Payne, N., Jones, F. and Harris, P.R. (2002) The impact of working life on health behaviour: the effect of job strain on the cognitive predictors of exercise. Journal of Occupational Health Psychology, 7 (4). pp. 342-353. ISSN 1076-8998Full text not available from this repository.
The theory of planned behavior (TPB) and R. A. Karasek's (1979) job strain model were used to investigate the predictors of exercise in a group of employees. A total of 241 employees completed an initial questionnaire; 1 week later 213 employees responded to a questionnaire measuring behavior. Employees in high-strain jobs did significantly less exercise than those in low-strain jobs, although they did not intend to do less, suggesting that work may impede the intention implementation. Intenders who failed to exercise had significantly higher work demands and lower exercise self-efficacy than intenders who succeeded in exercising. Work also affected exercise indirectly through self-efficacy. Thus, work may be a target for behavior change intervention because of its impact at 2 stages of the TPB. (PsycINFO Database Record (c) 2009 APA, all rights reserved)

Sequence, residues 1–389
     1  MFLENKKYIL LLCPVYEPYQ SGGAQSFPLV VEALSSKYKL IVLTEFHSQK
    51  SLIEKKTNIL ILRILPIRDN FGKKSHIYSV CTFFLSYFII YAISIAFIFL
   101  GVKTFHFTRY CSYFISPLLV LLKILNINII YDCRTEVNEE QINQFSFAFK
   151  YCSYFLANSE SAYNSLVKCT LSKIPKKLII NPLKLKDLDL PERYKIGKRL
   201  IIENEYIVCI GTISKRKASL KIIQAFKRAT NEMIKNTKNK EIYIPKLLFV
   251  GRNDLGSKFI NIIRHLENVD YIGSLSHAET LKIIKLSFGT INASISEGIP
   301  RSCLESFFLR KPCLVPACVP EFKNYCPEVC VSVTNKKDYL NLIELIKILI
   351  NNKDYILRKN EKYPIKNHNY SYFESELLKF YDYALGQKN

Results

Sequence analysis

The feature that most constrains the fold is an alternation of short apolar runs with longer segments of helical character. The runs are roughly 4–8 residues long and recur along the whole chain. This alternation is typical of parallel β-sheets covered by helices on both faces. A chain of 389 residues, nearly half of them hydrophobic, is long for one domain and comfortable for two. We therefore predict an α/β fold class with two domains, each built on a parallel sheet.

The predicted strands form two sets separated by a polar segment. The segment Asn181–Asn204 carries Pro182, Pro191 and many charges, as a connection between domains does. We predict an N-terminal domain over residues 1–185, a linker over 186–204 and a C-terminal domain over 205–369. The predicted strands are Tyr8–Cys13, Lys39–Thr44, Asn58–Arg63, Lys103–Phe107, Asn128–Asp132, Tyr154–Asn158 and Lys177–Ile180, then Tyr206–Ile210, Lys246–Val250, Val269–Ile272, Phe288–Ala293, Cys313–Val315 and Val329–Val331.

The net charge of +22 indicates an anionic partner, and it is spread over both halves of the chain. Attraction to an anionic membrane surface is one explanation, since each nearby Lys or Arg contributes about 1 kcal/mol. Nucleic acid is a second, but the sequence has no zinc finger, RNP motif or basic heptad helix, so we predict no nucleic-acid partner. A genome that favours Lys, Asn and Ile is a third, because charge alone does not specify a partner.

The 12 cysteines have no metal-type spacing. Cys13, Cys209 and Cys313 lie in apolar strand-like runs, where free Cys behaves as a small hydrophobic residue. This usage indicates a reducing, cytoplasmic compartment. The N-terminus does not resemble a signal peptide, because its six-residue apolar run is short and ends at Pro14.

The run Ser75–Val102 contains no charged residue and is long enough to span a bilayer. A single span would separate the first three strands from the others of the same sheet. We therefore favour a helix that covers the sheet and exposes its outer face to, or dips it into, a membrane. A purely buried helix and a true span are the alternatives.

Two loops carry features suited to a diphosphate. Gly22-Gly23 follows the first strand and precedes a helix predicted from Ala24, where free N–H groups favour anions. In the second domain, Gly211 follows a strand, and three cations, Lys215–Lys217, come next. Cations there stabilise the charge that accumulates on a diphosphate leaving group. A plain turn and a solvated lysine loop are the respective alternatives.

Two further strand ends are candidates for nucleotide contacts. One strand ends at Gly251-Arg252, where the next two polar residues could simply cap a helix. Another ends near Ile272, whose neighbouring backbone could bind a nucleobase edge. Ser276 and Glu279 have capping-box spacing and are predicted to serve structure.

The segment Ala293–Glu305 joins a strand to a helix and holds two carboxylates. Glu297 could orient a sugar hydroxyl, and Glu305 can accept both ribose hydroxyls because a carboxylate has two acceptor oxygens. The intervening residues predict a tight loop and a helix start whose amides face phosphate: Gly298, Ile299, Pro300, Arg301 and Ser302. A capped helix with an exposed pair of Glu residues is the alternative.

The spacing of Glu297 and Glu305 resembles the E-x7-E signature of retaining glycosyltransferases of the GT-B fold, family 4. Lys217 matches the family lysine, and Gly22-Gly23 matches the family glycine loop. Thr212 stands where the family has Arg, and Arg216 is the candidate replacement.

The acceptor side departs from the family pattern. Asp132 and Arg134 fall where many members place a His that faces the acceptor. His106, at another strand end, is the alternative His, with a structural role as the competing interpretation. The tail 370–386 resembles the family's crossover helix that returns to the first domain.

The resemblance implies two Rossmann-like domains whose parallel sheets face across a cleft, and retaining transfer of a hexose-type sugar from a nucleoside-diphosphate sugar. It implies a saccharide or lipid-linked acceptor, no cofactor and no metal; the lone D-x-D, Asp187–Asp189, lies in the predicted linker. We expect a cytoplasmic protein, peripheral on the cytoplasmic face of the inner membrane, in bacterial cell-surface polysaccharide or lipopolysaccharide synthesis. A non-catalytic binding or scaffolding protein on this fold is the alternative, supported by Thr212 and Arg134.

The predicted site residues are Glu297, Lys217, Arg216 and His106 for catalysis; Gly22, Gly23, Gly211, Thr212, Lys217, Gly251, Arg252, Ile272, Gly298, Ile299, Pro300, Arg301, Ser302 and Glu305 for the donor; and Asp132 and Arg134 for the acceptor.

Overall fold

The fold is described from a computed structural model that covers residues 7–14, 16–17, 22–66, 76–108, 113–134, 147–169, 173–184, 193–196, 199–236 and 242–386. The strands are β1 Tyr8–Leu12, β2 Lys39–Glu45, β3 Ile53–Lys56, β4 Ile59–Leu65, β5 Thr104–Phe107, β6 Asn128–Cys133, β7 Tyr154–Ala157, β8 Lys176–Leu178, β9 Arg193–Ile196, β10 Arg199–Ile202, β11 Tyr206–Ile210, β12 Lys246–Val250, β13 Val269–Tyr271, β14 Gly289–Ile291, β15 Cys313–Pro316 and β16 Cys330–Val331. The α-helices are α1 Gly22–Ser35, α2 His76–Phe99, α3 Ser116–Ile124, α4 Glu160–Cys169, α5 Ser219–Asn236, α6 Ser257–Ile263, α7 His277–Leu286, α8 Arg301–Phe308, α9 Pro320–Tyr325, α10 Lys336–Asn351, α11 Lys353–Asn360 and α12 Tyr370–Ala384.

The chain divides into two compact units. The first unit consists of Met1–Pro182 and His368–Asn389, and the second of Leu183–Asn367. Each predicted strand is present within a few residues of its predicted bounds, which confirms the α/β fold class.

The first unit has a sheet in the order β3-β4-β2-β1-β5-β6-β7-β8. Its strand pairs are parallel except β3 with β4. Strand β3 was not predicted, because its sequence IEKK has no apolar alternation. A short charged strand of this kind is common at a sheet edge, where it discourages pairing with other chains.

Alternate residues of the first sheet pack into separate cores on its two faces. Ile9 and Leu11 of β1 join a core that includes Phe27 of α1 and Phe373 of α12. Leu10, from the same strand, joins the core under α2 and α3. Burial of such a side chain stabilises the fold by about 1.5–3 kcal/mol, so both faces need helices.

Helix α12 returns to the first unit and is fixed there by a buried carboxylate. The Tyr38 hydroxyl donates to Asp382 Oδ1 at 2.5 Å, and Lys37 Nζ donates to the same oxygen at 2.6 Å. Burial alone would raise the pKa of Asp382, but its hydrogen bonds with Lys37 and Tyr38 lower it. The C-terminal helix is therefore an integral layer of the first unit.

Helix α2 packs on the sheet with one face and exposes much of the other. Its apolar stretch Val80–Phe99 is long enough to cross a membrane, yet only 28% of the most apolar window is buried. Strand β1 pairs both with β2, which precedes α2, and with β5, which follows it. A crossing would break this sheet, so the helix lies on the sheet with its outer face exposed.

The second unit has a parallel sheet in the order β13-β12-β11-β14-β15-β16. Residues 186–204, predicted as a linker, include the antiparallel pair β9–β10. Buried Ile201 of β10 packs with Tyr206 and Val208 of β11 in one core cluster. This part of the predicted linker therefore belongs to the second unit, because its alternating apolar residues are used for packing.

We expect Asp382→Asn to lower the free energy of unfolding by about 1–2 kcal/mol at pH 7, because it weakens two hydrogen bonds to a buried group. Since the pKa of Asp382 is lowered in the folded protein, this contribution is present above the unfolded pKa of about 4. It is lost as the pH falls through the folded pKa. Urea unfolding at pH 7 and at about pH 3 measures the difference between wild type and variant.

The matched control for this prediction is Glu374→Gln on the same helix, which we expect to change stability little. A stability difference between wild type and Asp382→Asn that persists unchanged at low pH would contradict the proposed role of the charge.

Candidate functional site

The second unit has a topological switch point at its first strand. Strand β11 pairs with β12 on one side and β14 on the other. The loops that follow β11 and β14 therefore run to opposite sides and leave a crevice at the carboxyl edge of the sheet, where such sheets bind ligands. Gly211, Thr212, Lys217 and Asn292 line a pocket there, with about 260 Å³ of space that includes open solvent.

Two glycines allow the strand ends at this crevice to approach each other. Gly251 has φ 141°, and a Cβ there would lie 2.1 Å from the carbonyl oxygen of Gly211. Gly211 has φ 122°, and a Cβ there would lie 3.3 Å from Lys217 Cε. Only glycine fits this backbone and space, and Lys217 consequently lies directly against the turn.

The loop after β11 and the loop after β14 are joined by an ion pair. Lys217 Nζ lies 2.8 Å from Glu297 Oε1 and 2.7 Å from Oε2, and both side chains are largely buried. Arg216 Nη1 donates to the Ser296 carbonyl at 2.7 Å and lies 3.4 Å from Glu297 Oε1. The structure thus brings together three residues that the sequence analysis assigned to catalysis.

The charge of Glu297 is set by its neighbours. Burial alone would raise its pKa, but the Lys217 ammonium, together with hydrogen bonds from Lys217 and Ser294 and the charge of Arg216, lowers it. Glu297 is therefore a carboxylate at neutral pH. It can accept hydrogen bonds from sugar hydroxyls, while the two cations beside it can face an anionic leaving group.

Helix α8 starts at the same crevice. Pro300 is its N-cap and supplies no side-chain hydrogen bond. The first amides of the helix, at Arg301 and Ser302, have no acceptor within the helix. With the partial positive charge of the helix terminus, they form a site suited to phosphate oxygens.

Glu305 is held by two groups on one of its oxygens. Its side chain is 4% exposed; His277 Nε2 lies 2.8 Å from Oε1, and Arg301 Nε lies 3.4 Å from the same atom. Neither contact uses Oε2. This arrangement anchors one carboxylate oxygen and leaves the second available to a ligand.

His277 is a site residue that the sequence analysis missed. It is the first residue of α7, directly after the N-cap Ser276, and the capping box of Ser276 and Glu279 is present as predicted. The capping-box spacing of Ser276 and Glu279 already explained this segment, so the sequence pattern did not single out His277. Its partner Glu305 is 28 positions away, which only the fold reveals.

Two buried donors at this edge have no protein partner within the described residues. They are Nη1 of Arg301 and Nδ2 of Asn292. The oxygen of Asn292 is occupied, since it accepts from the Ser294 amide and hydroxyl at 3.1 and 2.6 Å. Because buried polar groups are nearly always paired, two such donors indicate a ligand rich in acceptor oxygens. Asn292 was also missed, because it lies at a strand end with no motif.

|Institution:||The University of Sheffield|
|Academic Units:||The University of Sheffield > Faculty of Science (Sheffield) > Department of Psychology (Sheffield)|
|Depositing User:||Miss Anthea Tucker|
|Date Deposited:||20 Oct 2009 13:02|
|Last Modified:||20 Oct 2009 13:02|
|Publisher:||Educational Publishing Foundation|